John Wilkes studied literature, but the intellectually open environment at UC Santa Cruz inspired him to establish a graduate program that’s produced some of the best science journalists working today.
When UC Santa Cruz opened in 1965, Wilkes was there as a transfer student from San Francisco City College. He stuck around, earning B.A., M.A., and Ph.D. degrees in literature, then teaching a three-quarter course in English Romanticism. Ultimately, however, Wilkes made his mark not in literature, but in science journalism, establishing the internationally acclaimed graduate program in science communication at UC Santa Cruz.
The University Library’s Regional History Project has now published an oral history in which Wilkes tells the story of how he came to create the Science Communication Program, which takes students trained as scientists and teaches them journalism. The program had its roots in undergraduate science-writing courses Wilkes taught at UCSC before being hired by the Massachusetts Institute of Technology to run their new master’s degree program. Chancellor Robert Sinsheimer invited him to return to Santa Cruz, and Wilkes said he used his two years at MIT to figure out what to do differently in setting up a science writing program at UC Santa Cruz.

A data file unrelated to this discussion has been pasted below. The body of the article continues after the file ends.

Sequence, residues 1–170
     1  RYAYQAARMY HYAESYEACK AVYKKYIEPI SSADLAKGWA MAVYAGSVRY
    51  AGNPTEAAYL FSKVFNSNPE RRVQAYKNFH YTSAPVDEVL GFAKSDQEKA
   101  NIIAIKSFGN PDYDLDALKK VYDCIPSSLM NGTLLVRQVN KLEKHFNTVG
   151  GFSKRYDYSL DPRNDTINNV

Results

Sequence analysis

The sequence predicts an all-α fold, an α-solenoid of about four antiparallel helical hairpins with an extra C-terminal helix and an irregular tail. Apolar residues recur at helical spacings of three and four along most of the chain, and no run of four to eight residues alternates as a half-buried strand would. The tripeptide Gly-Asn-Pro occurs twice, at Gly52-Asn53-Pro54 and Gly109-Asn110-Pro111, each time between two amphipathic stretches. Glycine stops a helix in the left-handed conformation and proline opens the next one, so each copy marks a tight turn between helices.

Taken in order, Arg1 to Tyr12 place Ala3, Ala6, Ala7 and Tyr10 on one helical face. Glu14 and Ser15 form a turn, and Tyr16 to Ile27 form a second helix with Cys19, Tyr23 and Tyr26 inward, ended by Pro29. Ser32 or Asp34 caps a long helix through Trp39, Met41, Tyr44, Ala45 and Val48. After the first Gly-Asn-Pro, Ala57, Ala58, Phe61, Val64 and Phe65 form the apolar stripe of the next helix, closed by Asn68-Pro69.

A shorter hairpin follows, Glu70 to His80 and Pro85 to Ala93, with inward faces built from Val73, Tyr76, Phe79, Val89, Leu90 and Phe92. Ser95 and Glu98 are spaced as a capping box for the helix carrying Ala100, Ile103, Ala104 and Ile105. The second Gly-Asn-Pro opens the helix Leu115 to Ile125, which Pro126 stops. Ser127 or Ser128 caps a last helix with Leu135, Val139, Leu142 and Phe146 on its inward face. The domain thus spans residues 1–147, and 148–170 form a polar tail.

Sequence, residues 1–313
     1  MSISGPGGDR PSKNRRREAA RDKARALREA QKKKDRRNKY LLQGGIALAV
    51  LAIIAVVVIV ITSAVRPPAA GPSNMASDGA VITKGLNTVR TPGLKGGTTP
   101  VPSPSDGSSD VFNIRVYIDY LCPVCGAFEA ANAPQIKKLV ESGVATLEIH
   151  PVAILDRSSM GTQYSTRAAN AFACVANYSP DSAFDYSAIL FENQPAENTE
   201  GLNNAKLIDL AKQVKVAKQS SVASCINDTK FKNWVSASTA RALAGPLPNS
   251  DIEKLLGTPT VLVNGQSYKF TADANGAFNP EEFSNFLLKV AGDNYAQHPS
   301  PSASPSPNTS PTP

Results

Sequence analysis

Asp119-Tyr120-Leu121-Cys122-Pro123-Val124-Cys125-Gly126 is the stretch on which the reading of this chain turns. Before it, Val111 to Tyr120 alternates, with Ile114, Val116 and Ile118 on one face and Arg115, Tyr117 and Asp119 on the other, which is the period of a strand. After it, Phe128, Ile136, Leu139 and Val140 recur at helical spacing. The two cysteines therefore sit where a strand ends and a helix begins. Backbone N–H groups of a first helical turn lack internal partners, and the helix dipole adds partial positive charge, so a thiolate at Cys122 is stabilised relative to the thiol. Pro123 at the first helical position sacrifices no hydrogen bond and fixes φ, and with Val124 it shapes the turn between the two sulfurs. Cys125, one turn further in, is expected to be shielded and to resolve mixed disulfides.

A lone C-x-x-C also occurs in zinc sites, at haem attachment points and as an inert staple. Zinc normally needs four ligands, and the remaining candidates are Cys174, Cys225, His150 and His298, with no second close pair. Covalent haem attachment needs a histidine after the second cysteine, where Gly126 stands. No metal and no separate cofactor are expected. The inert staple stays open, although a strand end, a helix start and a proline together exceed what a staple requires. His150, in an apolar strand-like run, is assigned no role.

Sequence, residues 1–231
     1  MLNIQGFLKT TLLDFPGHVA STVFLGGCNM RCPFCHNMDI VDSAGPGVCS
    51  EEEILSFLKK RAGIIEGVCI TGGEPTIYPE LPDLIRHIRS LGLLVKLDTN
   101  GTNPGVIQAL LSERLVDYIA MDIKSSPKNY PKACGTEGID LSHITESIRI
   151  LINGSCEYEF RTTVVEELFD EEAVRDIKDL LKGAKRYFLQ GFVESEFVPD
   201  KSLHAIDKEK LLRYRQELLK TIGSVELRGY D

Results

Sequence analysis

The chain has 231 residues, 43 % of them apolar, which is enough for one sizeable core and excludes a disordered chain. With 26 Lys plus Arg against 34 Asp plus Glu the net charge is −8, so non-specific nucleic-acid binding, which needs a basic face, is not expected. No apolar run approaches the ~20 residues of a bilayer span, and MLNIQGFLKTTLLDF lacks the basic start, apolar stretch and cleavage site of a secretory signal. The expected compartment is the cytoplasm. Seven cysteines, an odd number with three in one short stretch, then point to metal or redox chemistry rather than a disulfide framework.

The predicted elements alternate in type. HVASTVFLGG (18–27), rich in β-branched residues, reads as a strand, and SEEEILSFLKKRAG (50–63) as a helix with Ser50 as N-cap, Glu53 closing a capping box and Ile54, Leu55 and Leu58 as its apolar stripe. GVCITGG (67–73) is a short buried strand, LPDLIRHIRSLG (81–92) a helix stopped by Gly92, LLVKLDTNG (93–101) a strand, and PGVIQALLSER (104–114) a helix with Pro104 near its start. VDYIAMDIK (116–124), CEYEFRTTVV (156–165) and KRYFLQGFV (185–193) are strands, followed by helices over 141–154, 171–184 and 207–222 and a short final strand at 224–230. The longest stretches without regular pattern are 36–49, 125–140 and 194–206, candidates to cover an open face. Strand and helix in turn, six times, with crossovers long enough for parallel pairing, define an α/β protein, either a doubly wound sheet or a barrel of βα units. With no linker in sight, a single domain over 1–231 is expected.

Sarah Rabkin, a Science Communication Program alumna and member of the UC Santa Cruz Writing Program faculty for many years, conducted the oral history interview with Wilkes, who retired in 2006. In her introduction, Rabkin wrote:
Wilkes credits UCSC’s “freewheeling liberal arts atmosphere” with the personal, intellectual and professional flourishing of his students…. At UCSC, he says, they learned to “relax,” to think more expansively, and to report and write about science with curiosity and enthusiasm.